The history of blogging [1] begins with various digital predecessors, even if the word “blog” did not exist until the late 1990s. Digital communities existed before “blogging” became popular. Examples include Usenet, for-profit websites like GENIE, BiX, and the early version of CompuServe, e-mail groups, and bulletin board systems (BBS). In the 1990s, “threads” were used to generate ongoing dialogues in Internet forum software like WebEx. On a figurative “corkboard,” threads serve as topical linkages between messages. Blogging has been compared by some to the mid-20th century mass observation effort.

Contents \s1 1983–1993\s2 1994–2001

2003–2004; 2004–2013; 2014 and Later; 6 References

The main serial medium mentioned in the initial description of the Internet was Usenet.
[Reference needed] It includes the moderated newsgroup, which allowed one person or a small group to control all posting in a newsgroup. The majority of these newsgroups were merely moderated discussion boards, but in late 1983[4] Brian E. Redman founded, named after, and oversaw mod.ber, where he and a small group of collaborators frequently posted summaries of noteworthy posts and threads appearing elsewhere on the internet. [4] Rec.humor.funny, a moderator-controlled newsgroup, was established on August 7, 1987 (rec.humor.funny via Google Groups). [4] The group is still online, although there haven’t been any jokes submitted in more than five years.

Tim Berners-Lee first used the term “World Wide Web” in the early 1990s, and

Article focus: Online diary
The online journal, where people would maintain a running chronicle of their personal life, gave rise to the current blog. The majority of these writers identified as diarists, journalists, or journalers. Some of them identified as “escribitionists”. Members of the online journaling community were a part of the Open Pages webring. One of the early bloggers is generally regarded as Justin Hall, who started his eleven-year personal blogging career in 1994 as a Swarthmore College student[5], together with Jerry Pournelle. [6] Another pioneering blog was Wearable Wireless Webcam, a text, video, and image-based online shared journal of a person’s private life that was broadcast live from a wearable computer and EyeTap device to a website in 1994. This semi-automated blogging technique combines text and live video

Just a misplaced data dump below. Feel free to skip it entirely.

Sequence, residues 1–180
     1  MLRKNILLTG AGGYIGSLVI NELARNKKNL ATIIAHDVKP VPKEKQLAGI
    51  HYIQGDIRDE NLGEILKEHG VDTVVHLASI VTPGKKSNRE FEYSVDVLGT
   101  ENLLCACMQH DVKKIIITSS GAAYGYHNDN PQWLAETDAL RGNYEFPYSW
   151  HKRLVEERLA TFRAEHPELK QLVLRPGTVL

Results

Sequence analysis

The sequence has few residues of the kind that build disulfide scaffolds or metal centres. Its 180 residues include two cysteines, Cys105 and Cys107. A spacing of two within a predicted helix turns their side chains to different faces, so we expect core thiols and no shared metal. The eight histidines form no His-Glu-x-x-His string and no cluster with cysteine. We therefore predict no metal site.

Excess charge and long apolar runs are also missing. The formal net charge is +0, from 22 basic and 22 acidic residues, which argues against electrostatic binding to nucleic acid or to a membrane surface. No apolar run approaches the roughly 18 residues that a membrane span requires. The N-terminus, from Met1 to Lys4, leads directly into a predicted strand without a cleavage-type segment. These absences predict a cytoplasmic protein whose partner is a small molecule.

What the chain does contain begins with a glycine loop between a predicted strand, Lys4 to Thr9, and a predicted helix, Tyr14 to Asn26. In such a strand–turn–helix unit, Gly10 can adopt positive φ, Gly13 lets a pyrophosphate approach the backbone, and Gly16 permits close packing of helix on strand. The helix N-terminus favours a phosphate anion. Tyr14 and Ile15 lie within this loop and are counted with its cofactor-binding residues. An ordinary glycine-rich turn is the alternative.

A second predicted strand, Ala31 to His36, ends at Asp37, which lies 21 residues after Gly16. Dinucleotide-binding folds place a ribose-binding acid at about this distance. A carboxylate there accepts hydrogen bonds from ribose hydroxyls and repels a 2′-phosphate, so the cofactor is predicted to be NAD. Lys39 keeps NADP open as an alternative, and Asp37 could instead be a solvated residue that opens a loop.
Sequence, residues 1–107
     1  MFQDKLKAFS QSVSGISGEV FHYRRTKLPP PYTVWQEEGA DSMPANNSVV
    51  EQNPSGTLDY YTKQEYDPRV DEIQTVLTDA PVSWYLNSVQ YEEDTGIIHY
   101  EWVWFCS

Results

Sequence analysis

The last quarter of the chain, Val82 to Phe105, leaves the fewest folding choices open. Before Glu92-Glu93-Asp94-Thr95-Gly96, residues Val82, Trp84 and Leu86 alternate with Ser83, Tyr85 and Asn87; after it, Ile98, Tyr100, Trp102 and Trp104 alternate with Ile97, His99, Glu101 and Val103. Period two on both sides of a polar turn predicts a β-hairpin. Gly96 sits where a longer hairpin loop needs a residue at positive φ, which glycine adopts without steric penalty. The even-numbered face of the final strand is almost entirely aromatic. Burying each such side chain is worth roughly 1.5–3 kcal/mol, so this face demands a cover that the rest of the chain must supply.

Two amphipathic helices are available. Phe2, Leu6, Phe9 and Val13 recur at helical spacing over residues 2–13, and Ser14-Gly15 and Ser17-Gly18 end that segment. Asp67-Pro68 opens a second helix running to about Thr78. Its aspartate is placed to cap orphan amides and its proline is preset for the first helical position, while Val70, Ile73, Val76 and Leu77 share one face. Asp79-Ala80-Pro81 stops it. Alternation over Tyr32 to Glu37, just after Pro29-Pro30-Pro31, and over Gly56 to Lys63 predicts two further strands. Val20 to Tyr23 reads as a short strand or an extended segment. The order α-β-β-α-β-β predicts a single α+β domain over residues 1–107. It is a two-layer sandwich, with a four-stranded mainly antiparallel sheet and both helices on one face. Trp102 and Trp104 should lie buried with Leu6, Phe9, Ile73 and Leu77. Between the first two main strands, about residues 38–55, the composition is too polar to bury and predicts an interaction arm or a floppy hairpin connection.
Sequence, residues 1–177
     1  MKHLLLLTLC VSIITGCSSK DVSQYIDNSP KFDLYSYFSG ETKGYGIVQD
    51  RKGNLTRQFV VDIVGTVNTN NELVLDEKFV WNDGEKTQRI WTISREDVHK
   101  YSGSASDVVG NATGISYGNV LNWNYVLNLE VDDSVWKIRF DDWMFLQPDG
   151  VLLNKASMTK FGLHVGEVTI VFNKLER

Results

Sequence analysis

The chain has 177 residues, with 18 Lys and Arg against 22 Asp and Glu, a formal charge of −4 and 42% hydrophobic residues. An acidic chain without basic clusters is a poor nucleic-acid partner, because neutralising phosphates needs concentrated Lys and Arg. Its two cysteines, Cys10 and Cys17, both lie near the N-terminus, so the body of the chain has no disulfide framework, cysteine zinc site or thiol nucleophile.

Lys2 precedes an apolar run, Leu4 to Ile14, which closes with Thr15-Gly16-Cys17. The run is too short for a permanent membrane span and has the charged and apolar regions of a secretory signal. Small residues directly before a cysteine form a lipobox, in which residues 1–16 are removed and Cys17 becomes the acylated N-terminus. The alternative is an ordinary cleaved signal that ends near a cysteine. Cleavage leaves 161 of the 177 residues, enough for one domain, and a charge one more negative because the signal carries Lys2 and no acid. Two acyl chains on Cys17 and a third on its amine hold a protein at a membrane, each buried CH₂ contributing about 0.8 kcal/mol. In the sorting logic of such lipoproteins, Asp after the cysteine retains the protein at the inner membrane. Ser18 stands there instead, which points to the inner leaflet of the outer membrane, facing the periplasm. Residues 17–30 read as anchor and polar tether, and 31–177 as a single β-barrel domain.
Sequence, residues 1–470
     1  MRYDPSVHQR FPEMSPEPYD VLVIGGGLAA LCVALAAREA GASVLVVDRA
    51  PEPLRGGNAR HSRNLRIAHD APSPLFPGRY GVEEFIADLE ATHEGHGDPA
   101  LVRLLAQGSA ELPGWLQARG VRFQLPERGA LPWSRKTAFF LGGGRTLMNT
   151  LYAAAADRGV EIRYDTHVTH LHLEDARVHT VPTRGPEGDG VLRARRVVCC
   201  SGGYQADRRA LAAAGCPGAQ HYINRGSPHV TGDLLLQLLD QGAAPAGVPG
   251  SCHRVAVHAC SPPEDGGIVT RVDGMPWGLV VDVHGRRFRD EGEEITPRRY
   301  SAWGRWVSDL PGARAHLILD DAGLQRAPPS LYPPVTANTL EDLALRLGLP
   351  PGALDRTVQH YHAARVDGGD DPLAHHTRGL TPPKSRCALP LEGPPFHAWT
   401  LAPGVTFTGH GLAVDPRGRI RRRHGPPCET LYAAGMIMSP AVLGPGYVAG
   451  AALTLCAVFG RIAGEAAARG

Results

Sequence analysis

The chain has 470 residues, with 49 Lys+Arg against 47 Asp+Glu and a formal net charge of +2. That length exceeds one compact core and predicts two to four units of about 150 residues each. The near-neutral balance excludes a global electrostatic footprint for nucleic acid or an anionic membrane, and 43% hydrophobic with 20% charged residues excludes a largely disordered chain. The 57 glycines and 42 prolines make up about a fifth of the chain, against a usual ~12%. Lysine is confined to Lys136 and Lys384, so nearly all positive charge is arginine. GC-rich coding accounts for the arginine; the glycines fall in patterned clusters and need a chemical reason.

Launched in October 1998, Open Diary quickly grew to hundreds of online journals. As the first blog community where readers may remark on the blog entries of other writers, Open Diary invented the reader comment.
In September 1997, SlashDot, a still-famous site for tech “nerds,” was founded.
A well-known blogger named Brad Fitzpatrick launched LiveJournal in March 1999.

As a simpler alternative to maintaining a “news page” on a website, Andrew Smales launched in July 1999. He then launched DiaryLand in September 1999, concentrating more on a community for those who keep personal diaries.

[19]Onclave, a blogging and syndication platform that was based on Dave Winer’s Frontier, was founded by Drew Peloso and Steven Hatch in late 1999.
Blogger Traciy Curry-Reyes launched the website Movies Based on True Stories Database in the year 2000. The location

2014 and Beyond [edit]Even while it was agreed that what would come next would share a lot of the same DNA as the blog, the development of social media and the speed at which people responded to uploaded content led to an increase in pronouncements of the blog’s demise.
[25] A growing number of people have been claiming that blogs are no longer relevant,[26] yet others have continued to recognise their usefulness, as was the case in 2016 when the. domain name was introduced. Blogging, depending on how one defines the term, is still very much alive and thriving in 2019. According to estimates, there are 500 million or more blogs or sites that resemble blogs worldwide[27], including dormant websites. Since not all platforms opt to make their statistics available to the public, the number of blogs on

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